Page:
China is fast becoming a global actor, as its economic and diplomatic presence is felt nearly everywhere around the world.
It is also viewed by many as a global power in the making. In economic and military terms, China surely has the trappings of a global power. It is the world’s the second largest economy and the top trading nation; it also boasts the world’s largest foreign exchange reserve. Meanwhile, China’s military budget is second only to that of the United States, and its arsenal of advanced weapons is quickly expanding.
Nevertheless, there is much more to a global power than simply economic and military might. It is one thing to have power resources, and it is another to translate these resources into preferred outcomes. The latter requires — among other things — strategic vision, political willingness and psychological readiness. Leaders in Beijing appear to have a sophisticated vision for China’s role in international affairs, as exemplified by “a new model of major-power relations,” “major country foreign policy with Chinese characteristics,” and “One Belt, One Road.” But it is highly questionable that they are also politically wiling and psychologically ready to turn that vision into reality.
A global China has global interests, such as its investment in oil fields in the Sudan, pipelines in Myanmar, ports in Pakistan, and mines in Afghanistan. Meanwhile, as China goes global, so does the Chinese diaspora — businessmen, students, and workers. Protecting these interests — and many others — is one of the key challenges for Beijing. The evacuation of more than 30,000 Chinese nationals and the loss of multi-billion dollar oil investments during the Libya crisis amply demonstrate the urgency of such challenges.
However, China’s willingness to protect overseas interests has its limits. Due to the Five Principles of Peaceful Coexistence, Beijing has been extremely reluctant to intervene — politically or militarily — in another country’s domestic affairs. Thus during the anti-Chinese riots in Jakarta in 1998, the Chinese government did nothing except for issuing a verbal protest. Such a stance undoubtedly adds to the credibility of Beijing’s commitment to non-interference, but it nevertheless badly hurts its image as the patriarch of Chinese expatriates.
The Jakarta riots occurred in the early days of China’s rapid rise. If similar incidents take place today, rising domestic expectations — flamed by Chinese and foreign media hype about a rejuvenated Middle Kingdom — and the power of the internet will almost certainly make it impossible for Beijing to adopt a hands-off approach. Moreover, if Beijing expects overseas Chinese to have cultural identities and political sympathies with the mainland, then the latter will expect the former to offer more than lip service in times of crises. For China to be a global power, therefore, one of the most difficult questions is what it should do when interests conflict with principles.
A global power has not only global interests, but also global responsibilities, such as climate change, nuclear nonproliferation, anti-terrorism, anti-piracy, to name just a few. Having overseas military bases should probably help China better fulfill some of these responsibilities. However, leaders in Beijing have shown no intention at all of stationing troops overseas, despite increasing calls by Chinese pundits to the contrary. China’s leaders continue to deny all rumors that they are seeking to establish bases overseas.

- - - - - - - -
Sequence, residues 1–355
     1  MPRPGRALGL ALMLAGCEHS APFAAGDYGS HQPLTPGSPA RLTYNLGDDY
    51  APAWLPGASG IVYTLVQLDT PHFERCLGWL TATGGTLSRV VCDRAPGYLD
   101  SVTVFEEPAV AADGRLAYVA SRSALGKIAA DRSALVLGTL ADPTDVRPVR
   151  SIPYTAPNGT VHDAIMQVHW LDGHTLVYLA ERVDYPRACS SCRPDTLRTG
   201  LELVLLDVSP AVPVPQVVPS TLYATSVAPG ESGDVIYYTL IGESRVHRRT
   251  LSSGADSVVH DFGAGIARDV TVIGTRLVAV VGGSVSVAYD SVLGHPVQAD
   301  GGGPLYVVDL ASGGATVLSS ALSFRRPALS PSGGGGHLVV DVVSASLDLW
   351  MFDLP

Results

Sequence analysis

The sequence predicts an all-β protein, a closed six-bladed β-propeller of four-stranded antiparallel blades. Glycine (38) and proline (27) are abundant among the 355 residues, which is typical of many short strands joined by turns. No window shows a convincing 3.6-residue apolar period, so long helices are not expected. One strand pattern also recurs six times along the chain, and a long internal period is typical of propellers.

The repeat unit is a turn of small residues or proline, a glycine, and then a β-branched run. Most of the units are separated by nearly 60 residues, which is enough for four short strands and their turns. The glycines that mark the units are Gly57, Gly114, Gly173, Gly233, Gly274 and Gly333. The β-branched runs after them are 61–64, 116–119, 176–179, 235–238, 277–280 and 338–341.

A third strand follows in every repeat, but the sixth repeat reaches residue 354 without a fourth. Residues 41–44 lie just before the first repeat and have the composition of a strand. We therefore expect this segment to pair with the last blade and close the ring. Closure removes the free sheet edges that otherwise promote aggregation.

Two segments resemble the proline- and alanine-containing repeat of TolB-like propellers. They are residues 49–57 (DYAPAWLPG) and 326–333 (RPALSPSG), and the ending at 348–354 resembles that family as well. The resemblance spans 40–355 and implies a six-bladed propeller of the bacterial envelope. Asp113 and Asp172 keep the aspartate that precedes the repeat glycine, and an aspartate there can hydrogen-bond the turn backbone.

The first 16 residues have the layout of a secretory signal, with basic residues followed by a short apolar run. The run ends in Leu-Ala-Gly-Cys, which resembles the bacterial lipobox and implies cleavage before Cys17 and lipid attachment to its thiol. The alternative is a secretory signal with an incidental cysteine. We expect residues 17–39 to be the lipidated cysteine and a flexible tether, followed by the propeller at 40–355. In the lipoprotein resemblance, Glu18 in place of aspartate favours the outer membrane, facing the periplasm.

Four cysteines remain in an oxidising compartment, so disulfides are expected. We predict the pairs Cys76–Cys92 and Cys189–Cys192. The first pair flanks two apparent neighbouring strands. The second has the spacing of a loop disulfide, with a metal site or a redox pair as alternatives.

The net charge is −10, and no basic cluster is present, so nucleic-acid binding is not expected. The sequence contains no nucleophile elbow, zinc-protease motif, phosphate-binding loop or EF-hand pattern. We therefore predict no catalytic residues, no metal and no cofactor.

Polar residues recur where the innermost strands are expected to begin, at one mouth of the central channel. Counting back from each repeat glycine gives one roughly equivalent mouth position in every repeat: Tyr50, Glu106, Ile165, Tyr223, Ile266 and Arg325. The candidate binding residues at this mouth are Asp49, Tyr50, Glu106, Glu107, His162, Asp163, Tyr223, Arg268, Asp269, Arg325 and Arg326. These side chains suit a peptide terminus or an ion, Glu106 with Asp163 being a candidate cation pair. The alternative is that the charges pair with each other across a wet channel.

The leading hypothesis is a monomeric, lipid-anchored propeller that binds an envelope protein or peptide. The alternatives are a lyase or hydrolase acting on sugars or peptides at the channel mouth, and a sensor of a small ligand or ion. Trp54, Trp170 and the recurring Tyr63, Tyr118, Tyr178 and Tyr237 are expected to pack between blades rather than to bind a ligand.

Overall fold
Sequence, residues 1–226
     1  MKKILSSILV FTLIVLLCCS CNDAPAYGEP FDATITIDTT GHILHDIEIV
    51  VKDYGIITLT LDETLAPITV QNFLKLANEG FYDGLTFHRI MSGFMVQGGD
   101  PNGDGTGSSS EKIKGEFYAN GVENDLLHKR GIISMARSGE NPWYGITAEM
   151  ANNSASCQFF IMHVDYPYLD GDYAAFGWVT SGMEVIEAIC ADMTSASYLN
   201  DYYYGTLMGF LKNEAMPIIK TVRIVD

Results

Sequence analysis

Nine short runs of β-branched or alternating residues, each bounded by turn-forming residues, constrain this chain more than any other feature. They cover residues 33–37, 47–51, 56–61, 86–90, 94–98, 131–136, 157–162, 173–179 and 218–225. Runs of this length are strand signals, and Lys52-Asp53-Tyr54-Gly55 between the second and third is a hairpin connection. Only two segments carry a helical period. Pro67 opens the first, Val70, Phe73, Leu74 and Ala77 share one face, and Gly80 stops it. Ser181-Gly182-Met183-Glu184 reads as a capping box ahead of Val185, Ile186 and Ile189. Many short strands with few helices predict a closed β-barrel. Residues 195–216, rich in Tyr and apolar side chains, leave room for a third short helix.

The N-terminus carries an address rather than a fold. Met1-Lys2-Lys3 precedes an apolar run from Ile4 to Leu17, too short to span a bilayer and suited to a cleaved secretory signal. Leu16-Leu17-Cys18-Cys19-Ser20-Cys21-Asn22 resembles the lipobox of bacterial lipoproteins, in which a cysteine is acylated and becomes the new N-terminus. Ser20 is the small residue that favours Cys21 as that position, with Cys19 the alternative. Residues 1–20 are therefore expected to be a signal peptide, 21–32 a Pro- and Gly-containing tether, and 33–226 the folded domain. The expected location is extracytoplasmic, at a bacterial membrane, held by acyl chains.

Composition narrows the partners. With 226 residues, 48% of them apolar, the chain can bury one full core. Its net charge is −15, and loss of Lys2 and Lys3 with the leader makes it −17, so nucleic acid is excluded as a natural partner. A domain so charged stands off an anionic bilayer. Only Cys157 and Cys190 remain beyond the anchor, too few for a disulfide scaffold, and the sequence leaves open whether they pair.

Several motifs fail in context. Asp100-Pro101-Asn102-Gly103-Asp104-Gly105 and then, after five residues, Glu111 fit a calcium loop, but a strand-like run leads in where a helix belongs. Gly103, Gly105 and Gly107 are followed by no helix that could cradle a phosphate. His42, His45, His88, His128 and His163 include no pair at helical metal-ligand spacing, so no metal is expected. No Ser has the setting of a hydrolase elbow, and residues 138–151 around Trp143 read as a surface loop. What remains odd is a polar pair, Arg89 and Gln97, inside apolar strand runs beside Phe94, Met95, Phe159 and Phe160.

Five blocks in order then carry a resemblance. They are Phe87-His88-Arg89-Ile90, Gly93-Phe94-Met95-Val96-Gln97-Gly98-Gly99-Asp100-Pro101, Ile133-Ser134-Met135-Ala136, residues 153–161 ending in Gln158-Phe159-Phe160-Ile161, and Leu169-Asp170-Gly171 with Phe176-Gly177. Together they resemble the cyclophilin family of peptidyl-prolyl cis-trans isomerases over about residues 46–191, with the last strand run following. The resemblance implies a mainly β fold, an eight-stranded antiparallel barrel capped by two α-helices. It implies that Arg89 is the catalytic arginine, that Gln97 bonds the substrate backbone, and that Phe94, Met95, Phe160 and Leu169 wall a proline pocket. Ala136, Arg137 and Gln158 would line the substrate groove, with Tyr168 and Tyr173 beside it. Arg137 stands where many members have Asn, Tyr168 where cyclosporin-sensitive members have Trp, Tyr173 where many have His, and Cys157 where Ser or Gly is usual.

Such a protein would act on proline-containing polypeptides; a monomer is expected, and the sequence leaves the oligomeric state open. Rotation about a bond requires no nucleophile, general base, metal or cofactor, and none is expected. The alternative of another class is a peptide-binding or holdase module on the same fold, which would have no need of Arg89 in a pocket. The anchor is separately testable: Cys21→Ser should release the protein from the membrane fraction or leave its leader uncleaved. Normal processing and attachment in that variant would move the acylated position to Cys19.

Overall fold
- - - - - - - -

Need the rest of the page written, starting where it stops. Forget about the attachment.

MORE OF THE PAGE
From Beijing’s perspective, setting up overseas military bases is tantamount to building a military alliance with the host country (even though military basing arrangements in practice do not require a formal alliance). China’s leaders have repeatedly denounced such alliances as remnants of the Cold War. Instead Beijing has touted its “network of partnerships” as the substitute for security alliances. In fact, even between China and Pakistan — a relationship characterized by top Chinese leaders as an “all-weather strategic partnership — there is no formal security treaty. China’s reluctance to formalize security relationships has so far prevented it from taking the logical next step in becoming a true global power: pursuing overseas bases.
Even if we assume that at some point in the future China will have overseas military bases and that the government is willing to deploy troops to places where its own vital interests — or the interests of the international community — are threatened, two more questions arise: Are the Chinese people willing to send their sons and daughters to fight on foreign soil? Are they ready to confront images of their beloved ones coming home in draped caskets?
Last but not certainly not least, overseas intervention will likely incur the wrath of foreigners who are deeply upset by China’s policies, and they may well take revenge by attacking Chinese nationals abroad or even conducting terrorist attacks in Chinese cities. Are the Chinese government and the Chinese people ready to face such consequences?
It takes more than economic resources and military capabilities to make a global power, as amply illustrated by the case of the United States. Neither Chinese leaders nor Chinese citizens, however, seem psychologically ready — at least in the foreseeable future — for the challenges, responsibilities, and consequences that result from China being a global power.